and 1 minute at 72C for extension. After 25 cycles, samples were incubated at 72'C for

10 minutes to allow complete extension and addition of an extra deoxyadenosine

nucleotide in each fragment by Taq DNA polymerase and refrigerated at 4C. Mineral

oil was extracted by the addition of 120 p1 of chloroform:isoamyl alcohol (IAA),

vortexing, and centrifugation for 5 minutes at 13,000 x g at room temperature. The

aqueous phase was transferred to a new tube and 10 p1 of the PCR reaction plus 1/6

volume of bromophenol blue/xylene cyanol/Ficoll mixture was loaded on a 1-2% Seakem

HGT agarose gel containing ethidium bromide (0.1 mg/ml), 40 mM Tris-acetate, 20 mM

acetic acid, 1 mM EDTA and run with TAE buffer for 40-60 minutes at 80-100 volts.

The DNA templates for the PCR used to produce the MnSOD genomic fragments

in the enhancer deletion analyses were plasmids containing restriction-digested fragments

from the original genomic clones (Dougall, 1990).









TA Cloning of PCR Products

Taq DNA polymerase has a nontemplate-dependent activity, which adds a single

deoxyadenosine (A) to the 3' ends of PCR products. The linearized vector, pCR2. 1,

supplied in the TA Cloning kit (Invitrogen, Carlsbad, CA), has a single 3'

deoxythymidine (T) residue. This allows PCR inserts to ligate efficiently with those

vectors. To ligate the PCR product in the TA cloning vector, 1 g1 of fresh PCR reaction

was incubated with 2 gl of the pCR2.1 vector (50 ng in 10 mM Tris-HC1, 1 mM EDTA,

pH 7.5), 1 gl of lOX T4 DNA ligase buffer (60 mM Tris-HC1, pH 7.5, 60 mM MgC2, 50

mM NaCl, 1 mg/ml bovine serum albumin, 70 mM P-mercaptoethanol, 1 mM ATP, 20

mM dithithreitol, 10 mM spermidine), 5 gl of sterile ddH20, and 1 g1 of T4 DNA ligase

(4 U) for 16 hours at 160C.

Two g1 of the ligation reaction were used to transform 50 ml of E. coli competent

cells, INVaF' strain, in the presence of 2 ml of 0.5 M P-mercaptoethanol, for 30 minutes,

on ice. The transformation reaction was then heat shocked for 45 seconds at 42C and

450 gl of SOC medium (2% tryptone, 0.5% yeast extract, 10 mM NaCl, 2.5 mM KC1, 10

mM MgCl2, 20 mM glucose, pH 7.0) were added. This mixture was incubated at 37C

for one hour in a rotary shaker at 225 rpm. After this time, 100 pl of the bacteria solution

were plated using a glass spreader on YT (1.6% bacto-tryptone, 1% yeast extract, 0.5%

NaCl, pH 7.0) agar plate (1.5% Bacto-agar added), supplemented with 50 gg/ml of

ampicillin and covered with 20 pl of 5-Bromo-4-Chloro-3-indolyl-3-D-galactoside (X-

gal) (40 mg/ml), and incubated at 37C overnight. X-gal is a substrate for 3-

galactosidase, and when this gene is present in the vector, P-galactosidase metabolizes X-

gal, a blue product is formed and the colony becomes blue. If an insert is present in the









plasmid, the P-galactosidase gene is disrupted, X-gal is not metabolized, and the colony

remains white.

Reporter Vector Cloning

A 4.5 kb EcoR I/Eag I fragment of 5' non-coding sequence was isolated from the

17 kb MnSOD genomic clone (Figure 3-1) and the 5' overhang ends filled in using the

large fragment of E. coli DNA polymerase I (Klenow fragment). The resulting blunt-end

Eco/Eag fragment was cloned into the Hinc II polylinker site in a promoterless, pUC 12-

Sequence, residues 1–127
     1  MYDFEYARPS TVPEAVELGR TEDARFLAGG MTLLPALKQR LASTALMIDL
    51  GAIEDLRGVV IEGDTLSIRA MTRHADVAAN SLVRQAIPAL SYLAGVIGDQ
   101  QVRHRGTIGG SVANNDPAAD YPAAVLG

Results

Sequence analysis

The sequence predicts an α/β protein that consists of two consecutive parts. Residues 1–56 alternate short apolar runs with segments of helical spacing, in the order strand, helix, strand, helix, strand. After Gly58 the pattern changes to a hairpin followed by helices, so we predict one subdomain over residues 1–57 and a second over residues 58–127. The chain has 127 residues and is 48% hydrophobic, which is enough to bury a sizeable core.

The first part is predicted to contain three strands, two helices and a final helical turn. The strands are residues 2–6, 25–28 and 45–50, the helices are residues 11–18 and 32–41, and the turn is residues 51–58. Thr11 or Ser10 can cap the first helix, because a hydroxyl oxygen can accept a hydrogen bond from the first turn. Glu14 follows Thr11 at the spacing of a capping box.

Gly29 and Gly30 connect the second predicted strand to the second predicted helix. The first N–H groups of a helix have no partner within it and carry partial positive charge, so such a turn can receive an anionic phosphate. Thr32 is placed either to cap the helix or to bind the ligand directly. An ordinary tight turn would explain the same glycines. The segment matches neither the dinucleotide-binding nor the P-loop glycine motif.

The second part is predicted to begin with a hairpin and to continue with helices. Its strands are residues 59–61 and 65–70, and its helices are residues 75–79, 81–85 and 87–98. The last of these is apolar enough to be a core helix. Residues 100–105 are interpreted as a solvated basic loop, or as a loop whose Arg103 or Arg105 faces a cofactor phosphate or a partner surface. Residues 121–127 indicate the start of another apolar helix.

based human growth hormone expression vector, pOGH, (Selden et al., 1986), creating a

9.3 kb plasmid referred to as Eco/E GH (Figure 3-10). The unique restriction enzyme

site, HindII, was utilized to delete a 2.0 Kb portion of the MnSOD Eco/E sequence,

creating the vector, Hind/E (Kuo et al., 1999, Figure 3-10). To test for non-specific

effects of the inflammatory mediators on hGH expression, we used an hGH expression

vector that contained the herpes simplex thymidine kinase minimal promoter, pTKGH

(Selden et al., 1986).

To identify possible regulatory elements in the remainder of MnSOD that might

interact with the 5' promoter, we cloned an internal 6.1 kb Hind III fragment (+1180 to

+7312) from the rat genomic clone into the HindlII site of the Hind/E GH vector, creating

a 13.45 kb vector (Figure 3-1). The same Hind III fragment was cloned into Hind/E GH

in the opposite orientation. To begin to localize observed enhancer effects, we removed

the Hind III/Hpa I fragment (+1180 to +5046) and the Hpa I/Hind III fragment (+5046 to

+7312) from the Hind III fragment in both orientations creating enhancer deletions of 3.8

Kb or 2.3 Kb in the Hind/E GH construct (Figure 3-3). To clarify the position of the

enhancer within the 3.8 kb fragment, serial 3' and 5' deletions of the area were performed









by creating PCR products (Figure 3-3) which were subsequently cloned into the Hind/E

GH vector at the HindIllI site or NdeI site. Oligonucleotides flanking the regions of

interest were designed containing either HindllI or NdeI sites for convenient ligation into

the restriction sites. To test whether the enhancer activity was specific to the MnSOD

promoter, we used the plasmid, TKGH, which contains a heterologous, TATA-

containing, non-GC-rich promoter. The 6.1 kb Hind III MnSOD genomic fragment

(+1180 to +7312) was cloned into the HindII site (Figure 3-9) in the TKGH polylinker in

both orientations. To evaluate the interaction of the promoter with the enhancer

fragment, the 919 bp (Figure 3-3) fragment of MnSOD containing the entire enhancer

region was ligated into the NdeI site of the promoter deletion constructs (Figure 3-10).

Comparison of the rat enhancer sequence with the analogous region in human